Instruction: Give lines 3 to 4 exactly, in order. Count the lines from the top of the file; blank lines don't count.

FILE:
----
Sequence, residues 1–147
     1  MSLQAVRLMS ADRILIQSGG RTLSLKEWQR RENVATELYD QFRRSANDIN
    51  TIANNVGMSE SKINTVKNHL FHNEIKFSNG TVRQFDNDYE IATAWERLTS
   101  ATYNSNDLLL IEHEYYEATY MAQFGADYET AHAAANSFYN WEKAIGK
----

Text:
    51  TIANNVGMSE SKINTVKNHL FHNEIKFSNG TVRQFDNDYE IATAWERLTS
   101  ATYNSNDLLL IEHEYYEATY MAQFGADYET AHAAANSFYN WEKAIGK